Carrasco, M. & McElree, B. (2001).
Covert attention accelerates the rate of visual information processing.
Proceedings of the National Academy of Sciences, 98: 5363-5367.
Whenever we open our eyes, we are confronted with an overwhelming amount
of visual information. Covert attention allows us to select visual information
at a cued location, without eye movements, and to grant such information
priority in processing. Covert attention can be voluntarily allocated,
to a given location according to goals, or involuntarily allocated, in
a reflexive man-ner, to a cue that appears suddenly in the visual field.
Covert attention improves discriminability in a wide variety of visual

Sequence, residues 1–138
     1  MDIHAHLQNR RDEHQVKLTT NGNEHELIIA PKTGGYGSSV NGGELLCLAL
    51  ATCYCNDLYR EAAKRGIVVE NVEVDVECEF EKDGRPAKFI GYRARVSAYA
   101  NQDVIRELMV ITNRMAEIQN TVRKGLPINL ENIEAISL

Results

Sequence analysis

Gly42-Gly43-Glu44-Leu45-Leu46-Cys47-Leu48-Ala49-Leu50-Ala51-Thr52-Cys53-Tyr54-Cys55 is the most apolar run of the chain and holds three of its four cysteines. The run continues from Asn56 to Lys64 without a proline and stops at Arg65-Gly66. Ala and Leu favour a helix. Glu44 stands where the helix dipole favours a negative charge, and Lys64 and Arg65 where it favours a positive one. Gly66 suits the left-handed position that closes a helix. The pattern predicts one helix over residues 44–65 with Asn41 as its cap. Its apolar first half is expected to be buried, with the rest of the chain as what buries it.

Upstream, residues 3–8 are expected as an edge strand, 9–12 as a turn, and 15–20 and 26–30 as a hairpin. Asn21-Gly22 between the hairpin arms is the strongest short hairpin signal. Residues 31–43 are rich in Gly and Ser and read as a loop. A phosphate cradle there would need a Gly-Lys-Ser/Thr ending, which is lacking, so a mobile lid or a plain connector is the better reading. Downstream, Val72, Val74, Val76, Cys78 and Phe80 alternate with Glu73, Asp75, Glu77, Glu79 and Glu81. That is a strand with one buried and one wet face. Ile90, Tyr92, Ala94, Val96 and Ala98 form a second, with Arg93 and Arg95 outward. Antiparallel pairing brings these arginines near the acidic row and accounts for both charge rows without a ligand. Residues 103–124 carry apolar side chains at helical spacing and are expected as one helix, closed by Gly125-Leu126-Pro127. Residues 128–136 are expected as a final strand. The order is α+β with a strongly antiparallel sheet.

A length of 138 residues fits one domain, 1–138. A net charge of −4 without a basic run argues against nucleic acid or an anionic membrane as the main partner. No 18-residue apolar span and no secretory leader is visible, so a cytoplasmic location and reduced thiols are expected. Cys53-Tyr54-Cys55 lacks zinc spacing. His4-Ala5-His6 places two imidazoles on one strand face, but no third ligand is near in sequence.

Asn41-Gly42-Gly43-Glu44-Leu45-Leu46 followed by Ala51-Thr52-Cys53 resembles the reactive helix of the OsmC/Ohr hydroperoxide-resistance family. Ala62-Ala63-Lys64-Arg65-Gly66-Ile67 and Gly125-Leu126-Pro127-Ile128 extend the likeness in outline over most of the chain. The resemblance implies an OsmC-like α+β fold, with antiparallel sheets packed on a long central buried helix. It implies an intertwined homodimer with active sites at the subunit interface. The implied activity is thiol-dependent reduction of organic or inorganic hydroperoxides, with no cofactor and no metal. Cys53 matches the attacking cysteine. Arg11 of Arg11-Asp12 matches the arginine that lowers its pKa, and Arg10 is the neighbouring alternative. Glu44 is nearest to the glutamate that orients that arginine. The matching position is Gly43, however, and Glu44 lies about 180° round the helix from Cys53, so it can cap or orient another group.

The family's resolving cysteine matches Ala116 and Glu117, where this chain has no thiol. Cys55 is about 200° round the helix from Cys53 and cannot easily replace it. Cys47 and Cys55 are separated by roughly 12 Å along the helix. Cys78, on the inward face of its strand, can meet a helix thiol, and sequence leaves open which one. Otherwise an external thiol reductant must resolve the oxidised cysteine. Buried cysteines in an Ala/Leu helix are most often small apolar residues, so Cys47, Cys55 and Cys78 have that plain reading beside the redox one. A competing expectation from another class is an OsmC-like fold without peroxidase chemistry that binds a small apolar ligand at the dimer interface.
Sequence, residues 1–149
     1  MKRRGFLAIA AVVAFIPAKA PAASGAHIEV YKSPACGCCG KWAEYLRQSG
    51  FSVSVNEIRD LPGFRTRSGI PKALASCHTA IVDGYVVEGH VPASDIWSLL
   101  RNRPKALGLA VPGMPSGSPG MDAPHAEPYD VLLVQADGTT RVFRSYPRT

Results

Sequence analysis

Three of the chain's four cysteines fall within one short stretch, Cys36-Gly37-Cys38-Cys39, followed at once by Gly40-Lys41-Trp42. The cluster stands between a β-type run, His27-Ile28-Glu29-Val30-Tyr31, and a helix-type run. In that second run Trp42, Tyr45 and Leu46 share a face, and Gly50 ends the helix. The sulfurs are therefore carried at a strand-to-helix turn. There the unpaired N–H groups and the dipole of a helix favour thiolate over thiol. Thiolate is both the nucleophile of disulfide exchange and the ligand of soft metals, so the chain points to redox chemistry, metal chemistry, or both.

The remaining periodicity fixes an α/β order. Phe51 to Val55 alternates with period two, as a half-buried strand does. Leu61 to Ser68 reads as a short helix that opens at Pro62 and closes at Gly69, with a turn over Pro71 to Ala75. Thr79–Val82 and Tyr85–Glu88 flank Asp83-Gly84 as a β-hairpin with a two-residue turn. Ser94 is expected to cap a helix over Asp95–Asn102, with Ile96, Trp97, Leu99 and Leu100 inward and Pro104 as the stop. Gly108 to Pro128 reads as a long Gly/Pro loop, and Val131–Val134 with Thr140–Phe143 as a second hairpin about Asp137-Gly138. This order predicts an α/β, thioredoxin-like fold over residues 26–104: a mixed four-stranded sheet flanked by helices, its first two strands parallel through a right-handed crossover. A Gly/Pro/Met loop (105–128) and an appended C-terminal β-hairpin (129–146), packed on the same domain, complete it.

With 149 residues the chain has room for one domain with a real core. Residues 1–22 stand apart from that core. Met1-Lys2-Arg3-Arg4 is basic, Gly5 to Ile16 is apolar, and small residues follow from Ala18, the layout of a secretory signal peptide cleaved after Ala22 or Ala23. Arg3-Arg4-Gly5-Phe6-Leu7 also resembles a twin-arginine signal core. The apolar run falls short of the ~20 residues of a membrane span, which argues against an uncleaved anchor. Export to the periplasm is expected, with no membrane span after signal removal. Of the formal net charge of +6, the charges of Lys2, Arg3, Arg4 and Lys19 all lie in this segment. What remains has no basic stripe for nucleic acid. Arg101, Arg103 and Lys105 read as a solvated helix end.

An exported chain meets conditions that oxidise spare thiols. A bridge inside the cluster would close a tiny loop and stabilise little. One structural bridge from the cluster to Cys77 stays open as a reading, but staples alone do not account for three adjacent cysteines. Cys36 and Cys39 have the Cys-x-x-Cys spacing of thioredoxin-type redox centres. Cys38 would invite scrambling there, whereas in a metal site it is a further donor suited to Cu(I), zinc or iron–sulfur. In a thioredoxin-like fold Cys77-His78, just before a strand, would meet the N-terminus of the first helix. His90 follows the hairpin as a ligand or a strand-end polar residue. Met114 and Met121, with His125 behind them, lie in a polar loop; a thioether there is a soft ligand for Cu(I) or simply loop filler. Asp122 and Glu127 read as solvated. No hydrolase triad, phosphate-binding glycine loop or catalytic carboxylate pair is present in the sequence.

tasks. An important unresolved issue is whether covert attention can also
speed the rate at which information is processed. To address this issue,
it is necessary to obtain conjoint measures of the effects of covert attention
on discriminability and rate of information processing. We used the response-signal
speed-accuracy tradeoff (SAT) procedure to derive measures of how cueing
a target location affects speed and accuracy in a visual search task.
Here, we show that covert attention not only improves discrim-inability
but also accelerates the rate of information processing.